Building a Hopeful Society by Supporting Children Now

In South Africa, about 60% of the population struggles in poverty while the unemployment rate among the younger generations exceeds 50%. With 7.1 million people tested HIV-positive, which is by far the largest number in the world, the country continues to see ‘AIDS orphans’ who lost their parents due to HIV/AIDS. Lacking fundamental support from adults in the communities, such children from poor backgrounds in rural areas face lots of challenges in their daily lives, even just in securing food. We work in Mphego village, Thulamela municipality, Vhembe district, Limpopo Province and help such orphans and vulnerable children (OVCs) through supporting a facility called the Drop-in Center (DIC), which is a publicly operated space run by care volunteers, a group of people consisting mostly of women in the community.

Activities in 2022

Training for improving the quality of care and empowerment

We provided care volunteers with training to improve the quality of care for the OVCs (training on human rights and first aid), and also those to make the content of the program more entertaining, adjusting to each of the age groups of the OVCs. We also conducted a counseling training where approximately 30 guardians learned the kind of appropriate support for the OVCs both at home and in their communities. On a separate note, 46 youths who daily attend the DIC participated in a leadership and life-skills training where lessons on teamwork, human rights, and one’s responsibilities were taught through a five-day camp.

First aid training for the care volunteers

Gardening with the care volunteers

To ensure that OVCs have a stable source of food, we worked with care volunteers to create a vegetable garden at the DIC. Care volunteers planned the cultivation and maintained the garden while learning how to grow five or six different kinds of vegetables, beans, and maize at any given time. We also established another garden at the DIC for the youths to manage it by themselves. The youths were then provided with training on producing compost. At times the weather caused poor harvests, we were able to spare food for school lunches from these gardens, while also facilitating a simple irrigation system for future threats.

A five-day camp leadership training for the OVCs

Children working on farming

Results and challenges in 2022

Enhancement of care support for the OVCs and their behavior change

Issues faced by OVCs are now being identified and appropriately addressed by the care volunteers and community stakeholders, through which a care support system for OVCs is being established community-wide. The attitudes and the behaviors of the youths attending the DIC have also changed, with some taking the initiative to help family members at home and others increasingly attending school to commit to their academics. In the future, we will further deepen the relationship between the care volunteers and OVCs to ensure the sustainable operation of the DIC, that is – the care volunteers and others are able to plan the programs fully on their own. The current activities must be maintained for some time before the activities at the DIC are truly rooted in the community.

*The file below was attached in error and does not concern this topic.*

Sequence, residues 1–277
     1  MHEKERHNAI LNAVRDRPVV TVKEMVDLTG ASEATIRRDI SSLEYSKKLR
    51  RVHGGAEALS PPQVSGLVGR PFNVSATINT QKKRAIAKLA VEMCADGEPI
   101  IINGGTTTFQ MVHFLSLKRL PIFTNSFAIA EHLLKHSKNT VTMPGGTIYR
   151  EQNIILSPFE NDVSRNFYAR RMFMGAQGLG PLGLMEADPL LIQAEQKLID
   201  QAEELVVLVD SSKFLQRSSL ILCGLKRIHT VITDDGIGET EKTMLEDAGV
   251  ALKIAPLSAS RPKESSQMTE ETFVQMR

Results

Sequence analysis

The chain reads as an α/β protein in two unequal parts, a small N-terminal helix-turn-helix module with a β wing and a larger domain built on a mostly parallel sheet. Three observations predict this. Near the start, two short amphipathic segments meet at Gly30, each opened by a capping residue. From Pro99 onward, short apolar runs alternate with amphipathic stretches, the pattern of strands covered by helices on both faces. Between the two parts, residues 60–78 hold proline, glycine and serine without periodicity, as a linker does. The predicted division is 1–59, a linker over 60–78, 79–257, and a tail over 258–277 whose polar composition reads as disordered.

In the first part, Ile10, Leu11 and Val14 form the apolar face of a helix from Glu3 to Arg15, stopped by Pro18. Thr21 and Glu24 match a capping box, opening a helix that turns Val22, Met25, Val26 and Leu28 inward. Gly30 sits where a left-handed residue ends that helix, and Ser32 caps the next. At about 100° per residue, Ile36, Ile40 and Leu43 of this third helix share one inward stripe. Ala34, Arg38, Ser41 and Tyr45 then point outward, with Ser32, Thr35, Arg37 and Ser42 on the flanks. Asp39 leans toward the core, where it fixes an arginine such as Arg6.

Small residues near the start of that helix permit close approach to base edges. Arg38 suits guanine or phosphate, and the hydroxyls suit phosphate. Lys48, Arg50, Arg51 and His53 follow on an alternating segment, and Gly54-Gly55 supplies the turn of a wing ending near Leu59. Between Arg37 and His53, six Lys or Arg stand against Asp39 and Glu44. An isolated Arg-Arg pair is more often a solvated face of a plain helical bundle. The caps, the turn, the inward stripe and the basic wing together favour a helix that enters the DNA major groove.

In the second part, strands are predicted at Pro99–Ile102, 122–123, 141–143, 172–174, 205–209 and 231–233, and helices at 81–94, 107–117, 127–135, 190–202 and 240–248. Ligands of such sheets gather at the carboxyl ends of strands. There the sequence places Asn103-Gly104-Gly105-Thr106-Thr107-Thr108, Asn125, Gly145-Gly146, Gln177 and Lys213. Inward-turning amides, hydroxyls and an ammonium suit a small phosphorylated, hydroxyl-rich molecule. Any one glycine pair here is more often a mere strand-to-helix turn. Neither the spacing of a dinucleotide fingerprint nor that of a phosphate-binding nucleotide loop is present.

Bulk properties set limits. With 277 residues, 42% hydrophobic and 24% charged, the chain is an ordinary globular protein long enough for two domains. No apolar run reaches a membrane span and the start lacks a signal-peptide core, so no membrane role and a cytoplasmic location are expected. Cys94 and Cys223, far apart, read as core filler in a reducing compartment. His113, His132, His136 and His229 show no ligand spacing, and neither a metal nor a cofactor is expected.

Children taking part in the DIC activities

Activity plan for 2023

Toward the completion of the program

JVC will continue to (1) provide training to the care volunteers and promote cooperation among the community stakeholders, (2) train the care volunteers to improve their activity programs, (3) conduct leadership and life skills camps for the youths, and (4) promote gardening among the care volunteers and the youths. In each of these activities, we will focus on monitoring, follow-up, and participants’ exchange to ensure that learning deepens and gets rooted in the community. As the fiscal year 2023 is the final term of JVC’s South Africa program, we will conduct a final evaluation and aim to complete all procedures to localize the office.

Learning to build up teamwork

True delicacy!

Voices and Messages

My behavior has changed

Ankonisaho Dama & Evans Rasibvumo

Youths at the DIC

I previously did not listen to what the care volunteers said. I was also often warned for pushing little children away to obtain lunch first. However, I gradually learned to respect others, including both the care volunteers and my fellow participants. Now I try to wait and let little children take their food first. I am looking forward to eating the homegrown vegetables. (Ankonisaho Dama, 16 years old)

I did not like the activities at the DIC before and did not participate much. Now I attend it every day because the content of the activity programs has improved so much that it is now entertaining. Through the lessons, I learned the importance of respecting elders, including my parents. My behavior has changed dramatically. (Evans Rasibvumo, 15 years old)

Ankonisaho Dama

Proactive trials over passiveness

Moses Shavhani

Project assistant in charge of finance

The OVCs acquire discipline by participating in the activity programs. Learning to build relationships with one another also helps them avoid isolation. Regarding the care volunteers, they have come to understand the importance of the home gardens, which is a big change from previous years. They now take the initiative and put things into practice on their own instead of waiting for instructions. They have also started planning by the needs of the DIC, for example, by increasing the harvest of beans to enhance the lunch program. Parents are now happy that their children are more likely to help with the household chores without any prompting and are also more self-motivated in their schoolwork since they returned from the leadership and life skills camp.

[Source: JVC Annual Report 2022]

Share This: